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InfoQ Homepage News Computer Networks: Myths, Missteps, and Mysteries - Radia Perlman at QCon London

Computer Networks: Myths, Missteps, and Mysteries - Radia Perlman at QCon London

Radia Perlman, EMC Fellow and one of the pioneers of early network design, presented a keynote at QCon London that explored how networking protocols and technologies have evolved to become today’s Internet. In her talk, she answered some common questions (e.g. Why do we need both Ethernet and IP?) and explored how things might have looked if they were designed today.

Perlman began by stating that she doesn’t always agree with the way professionals speak about network protocols, memorising the details of the way everything is deployed, such as:

TCP/IP arrived on tablets from the sky in its awesome perfection, nothing else ever existed

She believes that standards act more like moving targets than stable reference points. Also, the expert groups working on the standards are, at times, acting more like sports fans rather than professional technologists.

Next, Perlman delved into reviewing network layers. Even though real-world network implementations subdivide into additional layers, combine layers, or perform layer violation when looking at the headers of other layers, she suggested the following classification for the talk:

  • Layer 1. Physical layer - where bits are signalled.
  • Layer 2. Structures the bits signalled at layer 1 into packets: marks the beginning and end of a packet, maybe a checksum. The packet is sent to a neighbour.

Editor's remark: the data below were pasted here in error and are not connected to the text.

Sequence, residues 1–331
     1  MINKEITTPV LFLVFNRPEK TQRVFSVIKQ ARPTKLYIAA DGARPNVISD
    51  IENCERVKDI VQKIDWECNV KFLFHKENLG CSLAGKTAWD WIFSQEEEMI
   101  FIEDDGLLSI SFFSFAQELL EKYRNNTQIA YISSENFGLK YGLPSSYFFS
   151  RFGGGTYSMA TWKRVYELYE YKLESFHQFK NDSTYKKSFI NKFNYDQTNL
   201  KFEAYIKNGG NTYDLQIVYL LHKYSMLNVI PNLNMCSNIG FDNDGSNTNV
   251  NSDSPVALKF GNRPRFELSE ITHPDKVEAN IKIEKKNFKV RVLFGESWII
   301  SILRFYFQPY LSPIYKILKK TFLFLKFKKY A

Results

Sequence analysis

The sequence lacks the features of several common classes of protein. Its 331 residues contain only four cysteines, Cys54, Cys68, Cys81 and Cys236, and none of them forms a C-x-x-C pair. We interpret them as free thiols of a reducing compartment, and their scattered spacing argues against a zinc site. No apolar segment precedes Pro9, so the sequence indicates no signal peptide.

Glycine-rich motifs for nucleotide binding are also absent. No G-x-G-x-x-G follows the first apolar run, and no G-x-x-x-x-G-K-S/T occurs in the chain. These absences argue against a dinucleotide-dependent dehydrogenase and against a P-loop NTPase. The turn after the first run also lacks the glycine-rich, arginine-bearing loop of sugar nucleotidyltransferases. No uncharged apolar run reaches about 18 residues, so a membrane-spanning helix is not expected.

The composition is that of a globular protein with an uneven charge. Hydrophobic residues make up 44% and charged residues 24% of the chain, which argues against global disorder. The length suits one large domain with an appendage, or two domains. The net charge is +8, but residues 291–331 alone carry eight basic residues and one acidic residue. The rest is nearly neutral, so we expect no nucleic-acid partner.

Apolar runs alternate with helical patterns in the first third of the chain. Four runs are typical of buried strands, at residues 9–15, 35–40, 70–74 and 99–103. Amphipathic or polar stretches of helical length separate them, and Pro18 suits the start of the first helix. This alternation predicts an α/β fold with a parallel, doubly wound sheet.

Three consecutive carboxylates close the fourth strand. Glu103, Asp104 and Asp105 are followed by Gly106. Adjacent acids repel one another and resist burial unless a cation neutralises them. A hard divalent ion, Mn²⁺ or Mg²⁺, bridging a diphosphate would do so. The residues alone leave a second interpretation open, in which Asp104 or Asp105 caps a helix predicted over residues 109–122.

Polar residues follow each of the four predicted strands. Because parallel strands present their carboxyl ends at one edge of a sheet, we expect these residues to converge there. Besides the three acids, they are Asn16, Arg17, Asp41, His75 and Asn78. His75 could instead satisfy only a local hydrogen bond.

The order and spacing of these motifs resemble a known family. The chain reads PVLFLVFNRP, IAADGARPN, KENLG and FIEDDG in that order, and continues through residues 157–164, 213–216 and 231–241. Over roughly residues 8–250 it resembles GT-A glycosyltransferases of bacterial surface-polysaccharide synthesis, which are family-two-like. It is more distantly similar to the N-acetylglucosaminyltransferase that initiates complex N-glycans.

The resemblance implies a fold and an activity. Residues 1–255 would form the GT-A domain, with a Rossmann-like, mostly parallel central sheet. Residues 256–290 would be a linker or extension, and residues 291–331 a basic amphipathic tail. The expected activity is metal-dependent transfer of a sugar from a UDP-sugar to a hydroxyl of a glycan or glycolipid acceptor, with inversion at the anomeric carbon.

• Layer 3: Switches forward packets from link to link to deliver packets from a source to a destination across a network.

So, layer 2 only talks to neighbours and layer 3 forwards from link to link.

Even if Ethernet was initially designed for multiple machines to communicate over the same wire – layer 2 connectivity – it ended up working at layer 3 as well. At layer 3, Ethernet packets are forwarded having just an extra field – hop count – for keeping track of how many times a packet is forwarded. The initial protocol used was Carrier Sense Multiple Access/Collision Detection (CSMA/CD). In plain words: common sense implemented for networks - don’t speak if somebody else is speaking and if it happens, restart the conversation based on a randomly chosen time. This would work for a network situated within a building but not for the whole internet. Just looking at 60% of the traffic would mean too many collisions.

According to Perlman, the routing algorithms she wrote should work with any underlying protocol, not only IP or DECNet. When Ethernet came into play, she needed to integrate the nodes within a network. if she had considered each node combination in the algorithm, she would have ended up with an n*n combination of nodes, which would've increased the size of the lookup database too much. Instead, she considered the "pseudonode" approach, which meant just n+1 nodes, as shown by the diagram below.